BLOG

How To Terminate A Commercial Lease Early

Nov 29 2019

Darren Best

If you take on a lease and then find that you no longer have the need for the premises due to expansion or contraction of your business, what are the options available to you to be able to get out of the leasing commitment? Generally speaking, there are four options that could be available to you if you want to terminate a lease early, which are:

  1. Lease Assignment
  2. Subletting
  3. Lease Surrender
  4. Break Clause

1. Lease Assignment

Photo credit: alexskopje / Shutterstock

Most leases will contain a clause that allows the company that holds the lease to seek a new tenant to take over the lease. In order for the assignment to take place, various conditions need to be met, such as the financial strength of the new occupier. In addition, it is likely that you will need to sign an Authorised Guarantee Agreement (AGA) which is a guarantee that usually applies to leases granted since 1996. This is usually imposed as a condition of a landlord giving consent to the assignment of your lease.

This does not mean that your potential liabilities in relation to the lease will come to an end. It is worth noting that the landlord has the right to call on you to fulfil the obligations of the lease in the event that the person or company that you assigned your lease to defaults on their obligations.

This is a one-off guarantee and once the assignor that passed the lease on to someone else, your obligations under the AGA will usually fall away. If the assignee stays in the property and does not re-assign, then you will be liable until the lease expires.

2. Subletting

If you find yourself in a position of having to dispose of your property where the rent you are paying is substantially above the market rent, a lease assignment may not be possible. In these circumstances, you may be able to sublet the property at the prevailing market rate.

This will leave you, as the tenant, having to pay the difference between the rent that you pay to the landlord and the rent that you accept from your subtenant.

In simple terms, your landlord continues to invoice you for the full rent under the lease and you invoice your tenant for whatever figure has been agreed and will have to cover the difference.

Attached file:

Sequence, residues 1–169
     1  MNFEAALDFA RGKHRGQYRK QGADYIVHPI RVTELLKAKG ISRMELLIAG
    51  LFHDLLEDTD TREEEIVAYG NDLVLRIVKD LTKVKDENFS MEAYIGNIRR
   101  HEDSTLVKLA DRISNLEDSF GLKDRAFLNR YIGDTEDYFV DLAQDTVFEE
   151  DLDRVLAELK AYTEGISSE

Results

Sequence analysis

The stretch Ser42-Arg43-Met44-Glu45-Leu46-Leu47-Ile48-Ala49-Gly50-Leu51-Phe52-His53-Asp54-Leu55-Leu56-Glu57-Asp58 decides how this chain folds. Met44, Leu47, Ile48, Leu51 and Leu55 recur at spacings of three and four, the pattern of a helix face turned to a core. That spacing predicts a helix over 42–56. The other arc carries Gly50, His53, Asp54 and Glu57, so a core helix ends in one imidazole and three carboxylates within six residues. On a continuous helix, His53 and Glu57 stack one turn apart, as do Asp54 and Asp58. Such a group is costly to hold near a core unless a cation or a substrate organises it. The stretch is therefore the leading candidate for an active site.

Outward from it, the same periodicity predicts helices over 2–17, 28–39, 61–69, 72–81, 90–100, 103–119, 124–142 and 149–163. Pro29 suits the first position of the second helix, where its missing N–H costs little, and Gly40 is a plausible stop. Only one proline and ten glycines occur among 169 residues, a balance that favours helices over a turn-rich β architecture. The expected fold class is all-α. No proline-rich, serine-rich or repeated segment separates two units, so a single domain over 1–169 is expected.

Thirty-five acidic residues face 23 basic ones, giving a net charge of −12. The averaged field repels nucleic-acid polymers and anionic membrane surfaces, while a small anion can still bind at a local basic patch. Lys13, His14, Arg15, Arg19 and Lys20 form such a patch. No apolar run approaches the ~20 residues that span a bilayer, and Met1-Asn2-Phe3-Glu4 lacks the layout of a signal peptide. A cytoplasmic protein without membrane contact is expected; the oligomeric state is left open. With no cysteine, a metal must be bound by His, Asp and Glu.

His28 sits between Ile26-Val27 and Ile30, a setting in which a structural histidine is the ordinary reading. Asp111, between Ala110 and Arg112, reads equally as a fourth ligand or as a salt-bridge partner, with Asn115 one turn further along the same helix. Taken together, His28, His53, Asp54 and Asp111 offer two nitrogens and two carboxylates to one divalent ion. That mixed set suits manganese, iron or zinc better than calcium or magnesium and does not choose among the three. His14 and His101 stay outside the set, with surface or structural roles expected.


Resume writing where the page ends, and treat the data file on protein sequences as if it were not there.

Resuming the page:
In a buoyant commercial property market, it is also possible to sublet your property for a profit rent in circumstances where the rent you are paying is below market levels.

RELATED CONTENT: WHAT HAPPENS WHEN A COMMERCIAL LEASE EXPIRES?

3. Lease Surrender

There are times when a landlord might be willing to terminate a lease early and allow the tenants to walk away from their commitments. This can be for many reasons, the most common being because:

  • The landlord wants to redevelop the building,
  • The landlord feels that they can re-let the property for a higher rent,
  • The tenant has not been a good tenant.

Despite this, the landlord will often try to obtain a cash payment from the tenant to allow them to terminate their lease early.

Tenants should bear in mind that, depending on the location of the property and market conditions, this can often be a cheaper way to terminate their lease and within a faster timescale than they would otherwise be able to.

Photo credit: Zerbor / Shutterstock

4. Break Clause

A break clause is a provision in a lease which allows either the landlord or the tenant (or both) to end a commercial lease early. It will usually occur on a specified date which is outlined in your lease and allows either party to end the lease as long as the conditions of the break clause have been met. Although it seems fairly straight forward, it can often be the exact opposite…

Most break clauses will specify the precise form which a break notice must take and may impose specific requirements on the tenant regarding how and where to serve the break notice and whether there are financial penalties attached to the break clause.

There will usually be pre-conditions attached to a break clause which can include clauses that require the tenant to serve minimum notice periods, paid all of the rents or other payments due under the lease. This does not only refer to rent can also include any service charges and insurance premiums that need to be paid.

 


Here at Savoy Stewart, we are experts in rent reviews and lease renewals. Feel free to get in touch with the Savoy Stewart team today to discuss any queries and/or problems you may have regarding commercial leases.

 

 

Photo credit: designer491 / Shutterstock

 

This site uses Google Analytics cookies. We use the Google Analytics to help us improve the site. The cookies collect information in an anonymous form, including the number of visitors to the site, where visitors have come to the site from and the pages they have visited on the site. Please accept if you would like to continue with cookies enabled. If you want to change your settings click here